The following is the eulogy delivered by Fort Lee Councilman Joseph Cervieri last Saturday, Oct. 6, 2012 at the funeral of Nat Infurna, who died at the age of 91 on Oct. 2, according to a NorthJersey.com obituary. Cervieri told Patch he was friends with Infurna for about 30 years.
Born June 16, 1921, and Baptized Natale Infurna, Nat’s parents brought him when they emigrated to Bensonhurst Brooklyn in the early 20th Century from Brazil.
His dad was a sewing machine mechanic and his mom a pattern maker.
Nat was raised in a loving family, which supported his desire to attend college. He was a celebrated high school athlete who received four scholarship offers from several colleges, including a full basketball scholarship at Perdue in Indiana where Nat wished to attend.
Unfortunately, Nat told me he was unable to attend Perdue since his folks did not have the funds to get him there. He attended St. Francis College in Brooklyn on a basketball scholarship where he earned his Bachelor of the Arts Degree in Aeronautical Engineering in 1943.
Nat enlisted in the U.S. Army Air Corps, where he was trained as an engineer and pilot. During WWII, Nat served as a pilot Instructor in the Marinara, off the Philippines, where he flew missions piloting the B-29 Wichita Witch. After completing his tour of duty in 1946, he joined the Army Air Force Reserves and in 1954 was drafted, and he piloted the B-29, flying many combat missions during the Korean Conflict.
Upon is Honorable discharge, Nat became a private pilot for a major corporation for business travel. He became the representative for the French Bureau of Veritas (FAA), inspecting and certifying the airworthiness of the Air France Fleet including jumbo jets and the supersonic Concorde.
Nat was a member of the elite “Quiet Birdman Organization of Aircraft Pilots of Past and Present,” and was inducted into the Aviation Hall of Fame.
He told me that he earned the nickname, “U-turn,” since he said that whenever he took off and started his jet’s ascent, if he saw a cloud in the sky, he would turn the craft around.
He said, “The cemeteries are filled with heroes,” and he didn’t wish to join them.
Of course he was kidding.
Nat was a very proud and caring father to his three children, Richard, Lisa and the late Dr. Robert Infurna.
Nat and Pat Infurna moved to Mediterranean Towers in Fort Lee from NYC in 1969 with the encouragement of one of his Lear-Jet passengers, John Inganimort. Nat and Pat lived in Med South for 15 years when they moved into a house on Riverdale Drive, where they raised and spoiled Nat’s other true love—Mickey, his 100-lb. Golden Retriever.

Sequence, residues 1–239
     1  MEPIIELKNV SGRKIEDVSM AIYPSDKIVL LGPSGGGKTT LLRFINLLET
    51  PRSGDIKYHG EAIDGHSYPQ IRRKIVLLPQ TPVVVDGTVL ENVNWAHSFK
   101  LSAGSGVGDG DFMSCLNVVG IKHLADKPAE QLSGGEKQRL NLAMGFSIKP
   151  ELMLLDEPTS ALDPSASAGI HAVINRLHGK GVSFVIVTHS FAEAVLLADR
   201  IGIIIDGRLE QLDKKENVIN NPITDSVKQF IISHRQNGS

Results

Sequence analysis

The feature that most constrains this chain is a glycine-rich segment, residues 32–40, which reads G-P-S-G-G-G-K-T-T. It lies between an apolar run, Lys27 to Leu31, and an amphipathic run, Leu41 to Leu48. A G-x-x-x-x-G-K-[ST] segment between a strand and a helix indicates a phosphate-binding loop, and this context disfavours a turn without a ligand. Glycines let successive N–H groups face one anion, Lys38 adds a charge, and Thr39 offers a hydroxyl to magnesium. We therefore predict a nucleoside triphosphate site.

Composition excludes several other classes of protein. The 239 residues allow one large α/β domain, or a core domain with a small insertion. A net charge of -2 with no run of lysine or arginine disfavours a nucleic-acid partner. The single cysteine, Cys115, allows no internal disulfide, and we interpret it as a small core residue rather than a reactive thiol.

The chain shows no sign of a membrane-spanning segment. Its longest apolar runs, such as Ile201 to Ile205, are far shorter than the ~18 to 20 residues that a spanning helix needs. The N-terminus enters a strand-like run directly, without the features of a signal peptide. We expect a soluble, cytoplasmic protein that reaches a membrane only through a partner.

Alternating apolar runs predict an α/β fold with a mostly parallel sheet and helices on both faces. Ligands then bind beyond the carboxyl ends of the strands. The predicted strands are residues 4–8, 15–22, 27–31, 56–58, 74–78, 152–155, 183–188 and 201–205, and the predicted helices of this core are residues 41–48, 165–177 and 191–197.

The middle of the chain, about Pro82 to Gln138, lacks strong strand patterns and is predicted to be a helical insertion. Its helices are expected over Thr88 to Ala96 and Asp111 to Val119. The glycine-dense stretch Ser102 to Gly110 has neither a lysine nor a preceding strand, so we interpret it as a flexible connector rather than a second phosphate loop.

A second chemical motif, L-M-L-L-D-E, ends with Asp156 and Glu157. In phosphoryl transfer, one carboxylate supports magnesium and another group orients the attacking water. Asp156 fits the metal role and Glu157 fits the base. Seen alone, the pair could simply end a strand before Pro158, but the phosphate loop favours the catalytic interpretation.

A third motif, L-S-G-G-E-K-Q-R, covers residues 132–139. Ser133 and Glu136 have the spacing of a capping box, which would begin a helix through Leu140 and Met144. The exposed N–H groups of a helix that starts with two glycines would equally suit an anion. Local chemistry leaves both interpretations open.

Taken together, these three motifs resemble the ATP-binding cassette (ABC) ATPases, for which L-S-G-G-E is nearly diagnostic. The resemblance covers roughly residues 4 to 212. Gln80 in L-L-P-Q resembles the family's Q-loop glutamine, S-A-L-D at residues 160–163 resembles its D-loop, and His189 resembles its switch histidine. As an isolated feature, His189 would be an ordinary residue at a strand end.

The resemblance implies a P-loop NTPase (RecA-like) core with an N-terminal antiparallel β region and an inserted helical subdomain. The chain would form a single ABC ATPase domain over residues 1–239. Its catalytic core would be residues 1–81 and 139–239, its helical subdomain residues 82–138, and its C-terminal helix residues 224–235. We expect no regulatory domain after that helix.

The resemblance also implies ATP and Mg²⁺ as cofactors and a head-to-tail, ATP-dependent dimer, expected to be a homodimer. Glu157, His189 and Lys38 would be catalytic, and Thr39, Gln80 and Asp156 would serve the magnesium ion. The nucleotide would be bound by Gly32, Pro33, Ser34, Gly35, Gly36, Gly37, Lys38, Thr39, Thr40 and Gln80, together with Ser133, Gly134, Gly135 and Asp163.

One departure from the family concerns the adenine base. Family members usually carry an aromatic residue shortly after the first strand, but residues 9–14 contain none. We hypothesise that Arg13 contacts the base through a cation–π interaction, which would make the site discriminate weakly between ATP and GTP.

Nat retired from the Aviation Industry full-time but kept his hand in it as a U.S. Federal Aviation Association Inspector. Not the type to be sedentary, he obtained his real estate license and started on a successful new career where he helped literally hundreds of people and families.
Nat’s volunteer service record is exemplary:
Unico (President), Kiwanis (Past President), Lions Club, Rotary Club, Fort Lee Chamber of Commerce, Board Member of the Eastern Bergen County Board of the National Association of Realtors, Member of the Fort Lee Veterans of Foreign War Fort Lee American Legion Post 244 9Commander)
He served with distinction on Fort Lee’s Planning Board (Chairman & Vice Chairman), Zoning Board of Adjustment (Chairman), Ethics Board (Chairman), Rent Leveling Board, Fort Lee Housing Authority’s Program Coordinating Committee (Chairman).
Nat also served for many years as a Commissioner of the State of NJ Department of Environmental Protection Tidelands Resource Council and Council Member of the Division of Coastal Resources, appointed by four NJ Governors.
Nat use to say as a Pilot:
“The cemeteries are filled with Heroes,” and he didn’t want to be one of them.
Well, his body will join those heroes, and he will always be remembered by all fortunate to have made his acquaintance as a great hero for all he did during his lifetime, affecting, in the most positive way, all whose lives he touched.
If one is brought to this Earth with the mission to leave it in better shape than when you arrived, Nat, you can really know that you earned those true words for which I salute you:
God bless you, Nat Infurna, your family and all your friends.